Use the EXTRA BLOCKS SRV parameter on the DB2 DDF installation panel to enable support for extra query blocks. The minimum value for this parameter is 0 and the maximum is 100. Favor keeping the parameter set to the default value, which is 100.
You can also set up the EXTRA BLOCK REQ installation parameter to limit the number of extra DRDA query blocks that DB2 is to request from a remote DRDA server. This parameter does not limit the size of the SQL query answer set. It simply controls the total amount of data that can be transmitted on a network exchange. The minimum value for this parameter is 0 and the maximum is 100, which is also the default.
On the client side, you activate support on a cursor or statement basis. It is controlled by a query rowset size for a cursor, or the value of n in the OPTIMIZE FOR n ROWS clause or FETCH FIRST n ROWS ONLY clause.
Specify Character Data Types with Care When character data is accessed using DB2 Connect, the choice of CHAR versus VARCHAR will impact performance. VARCHAR is more efficient if the length varies significantly. If the size of data does not vary much, CHAR is more efficient because each VARCHAR column requires two bytes of length information to be transmitted along with the data.
Of course, DB2 Connect transmission performance is but one consideration when choosing a data type. Refer to Chapter 5 for additional considerations.
BIND the DB2 Connect Utilities DB2 Connect comes with several utilities that use embedded SQL, and therefore their programs must be bound to a database server before they can be used with that system. The list of bind files required by these utilities is contained in the following ddcsmvs.lst file for DB2 for z/OS. If you do not use the DB2 Connect utilities, you do not have to BIND their programs to each of your DB2 for z/OS database servers.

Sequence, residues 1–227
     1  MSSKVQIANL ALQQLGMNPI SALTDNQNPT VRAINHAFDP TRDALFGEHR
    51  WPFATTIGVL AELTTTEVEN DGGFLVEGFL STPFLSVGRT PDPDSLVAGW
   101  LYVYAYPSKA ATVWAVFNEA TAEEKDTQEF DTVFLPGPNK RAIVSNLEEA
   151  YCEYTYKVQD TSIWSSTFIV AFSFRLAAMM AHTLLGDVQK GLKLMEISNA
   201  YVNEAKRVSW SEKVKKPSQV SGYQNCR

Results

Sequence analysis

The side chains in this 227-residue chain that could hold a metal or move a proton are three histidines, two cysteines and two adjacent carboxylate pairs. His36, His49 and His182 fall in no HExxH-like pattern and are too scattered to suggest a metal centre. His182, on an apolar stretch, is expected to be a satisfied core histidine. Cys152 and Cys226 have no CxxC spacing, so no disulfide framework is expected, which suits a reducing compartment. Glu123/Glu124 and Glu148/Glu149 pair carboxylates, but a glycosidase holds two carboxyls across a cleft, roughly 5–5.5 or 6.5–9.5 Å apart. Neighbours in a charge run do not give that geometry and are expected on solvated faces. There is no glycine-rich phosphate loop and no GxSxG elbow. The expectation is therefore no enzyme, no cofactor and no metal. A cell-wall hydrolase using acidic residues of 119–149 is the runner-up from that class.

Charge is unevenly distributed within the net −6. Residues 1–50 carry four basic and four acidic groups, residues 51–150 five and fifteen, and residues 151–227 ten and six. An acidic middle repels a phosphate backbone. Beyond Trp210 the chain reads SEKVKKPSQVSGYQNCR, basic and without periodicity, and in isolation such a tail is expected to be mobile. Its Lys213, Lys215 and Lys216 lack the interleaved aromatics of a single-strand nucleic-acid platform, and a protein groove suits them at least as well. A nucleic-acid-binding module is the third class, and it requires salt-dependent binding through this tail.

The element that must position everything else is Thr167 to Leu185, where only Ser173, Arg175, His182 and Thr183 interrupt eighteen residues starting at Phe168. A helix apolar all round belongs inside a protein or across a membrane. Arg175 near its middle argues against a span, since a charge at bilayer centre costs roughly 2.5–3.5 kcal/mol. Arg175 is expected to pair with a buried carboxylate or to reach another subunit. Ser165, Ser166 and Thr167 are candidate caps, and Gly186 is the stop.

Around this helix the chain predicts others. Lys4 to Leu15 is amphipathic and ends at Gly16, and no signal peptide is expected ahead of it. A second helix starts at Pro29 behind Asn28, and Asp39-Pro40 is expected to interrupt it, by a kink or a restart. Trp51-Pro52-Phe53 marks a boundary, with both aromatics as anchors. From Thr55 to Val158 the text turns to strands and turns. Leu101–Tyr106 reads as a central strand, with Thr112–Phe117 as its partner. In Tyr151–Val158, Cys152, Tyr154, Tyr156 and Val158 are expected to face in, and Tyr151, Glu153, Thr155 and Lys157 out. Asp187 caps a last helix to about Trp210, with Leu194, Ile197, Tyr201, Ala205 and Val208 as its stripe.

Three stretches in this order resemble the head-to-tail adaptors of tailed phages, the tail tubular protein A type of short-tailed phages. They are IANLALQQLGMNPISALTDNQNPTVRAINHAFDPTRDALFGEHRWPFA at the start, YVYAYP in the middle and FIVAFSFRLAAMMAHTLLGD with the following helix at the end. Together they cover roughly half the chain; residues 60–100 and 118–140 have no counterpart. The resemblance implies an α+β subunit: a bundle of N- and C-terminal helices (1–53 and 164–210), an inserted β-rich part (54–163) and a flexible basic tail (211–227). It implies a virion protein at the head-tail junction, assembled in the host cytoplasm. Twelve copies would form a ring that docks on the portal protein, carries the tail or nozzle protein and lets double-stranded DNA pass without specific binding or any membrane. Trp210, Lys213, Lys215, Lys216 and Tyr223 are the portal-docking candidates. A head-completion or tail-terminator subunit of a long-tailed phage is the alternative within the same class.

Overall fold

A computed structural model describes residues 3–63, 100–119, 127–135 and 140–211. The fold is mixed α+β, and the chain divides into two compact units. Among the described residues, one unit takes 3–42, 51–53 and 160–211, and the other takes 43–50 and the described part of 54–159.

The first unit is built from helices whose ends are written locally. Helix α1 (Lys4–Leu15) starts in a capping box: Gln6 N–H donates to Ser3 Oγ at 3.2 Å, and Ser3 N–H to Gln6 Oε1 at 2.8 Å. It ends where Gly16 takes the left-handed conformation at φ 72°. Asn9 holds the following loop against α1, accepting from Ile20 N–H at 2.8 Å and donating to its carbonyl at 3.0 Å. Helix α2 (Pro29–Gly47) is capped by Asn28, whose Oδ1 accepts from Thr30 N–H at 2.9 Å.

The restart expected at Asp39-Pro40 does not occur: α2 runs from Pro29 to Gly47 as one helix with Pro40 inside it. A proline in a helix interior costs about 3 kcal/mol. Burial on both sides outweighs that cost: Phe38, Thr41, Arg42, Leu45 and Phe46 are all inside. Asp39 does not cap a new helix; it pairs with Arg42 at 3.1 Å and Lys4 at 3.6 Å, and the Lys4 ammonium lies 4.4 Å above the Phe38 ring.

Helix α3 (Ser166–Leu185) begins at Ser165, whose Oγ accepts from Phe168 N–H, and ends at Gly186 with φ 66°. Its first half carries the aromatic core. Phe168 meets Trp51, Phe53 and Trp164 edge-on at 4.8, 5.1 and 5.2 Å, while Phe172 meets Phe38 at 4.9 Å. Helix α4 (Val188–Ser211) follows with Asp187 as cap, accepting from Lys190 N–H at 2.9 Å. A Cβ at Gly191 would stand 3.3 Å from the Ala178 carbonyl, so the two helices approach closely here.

If DB2 Connect Enterprise Edition is installed, the DB2 Connect utilities must be bound to each database server once from each type of client platform, before they can be used with that system. For example, if you have 5 Windows clients and 4 Linux clients connecting to DB2 for z/OS using DB2 Connect EE, then BIND the programs in ddcsmvs.lst from one of the Windows clients, as well as from one of the Linux clients, and then from the DB2 Connect server. If all the clients are not at the same service level, you might need to BIND from each client for each particular service level.
Beware of SQLCODE and SQLSTATE Differences Different IBM relational DBMSs will not always produce the same SQLCODE values for the same or similar errors. This can be troublesome in distributed applications. There are two ways of handling this situation:
- Use SQLSTATE instead of SQLCODE. The SQLSTATE values have the same basic meaning across the IBM’s DBMS products.
- Use SQLCODE mapping.
DB2 Connect can map SQLCODEs and tokens from each IBM mainframe or iSeries server to your appropriate DB2 UDB system. You can specify your own SQLCODE mapping file if you want to override the default mapping or you are using a non-IBM database server that does not have SQLCODE mapping.
SQLCODE mapping is enabled by default. If you want to turn off SQLCODE mapping, specify NOMAP in the parameter string of the DCS directory or the DCE routing information object.
Assign Authids per Application Consider assigning each distributed application a dedicated authid. This approach is superior to simply using the same authid for all applications because:
- Each authid can be assigned only the permissions it needs.
- You can use WLM to assign each authid different priorities, as needed.
- For troubleshooting, it is easier to identify the offending application.
- You can measure application resource usage by authid.
Assure Appropriate Distributed Logon Authority Be sure that DB2 administrators have the required authority on the distributed platforms that interact with DB2 for z/OS. For example, a UNIX logon should be available for the performance analyst or DBA to view db2diag.log and web application logs.
In addition, the logon should have sufficient authority to execute appropriate commands as needed. For example, iostat and vmstat are useful commands that may need to be issued.
Similar considerations should be made for Windows servers.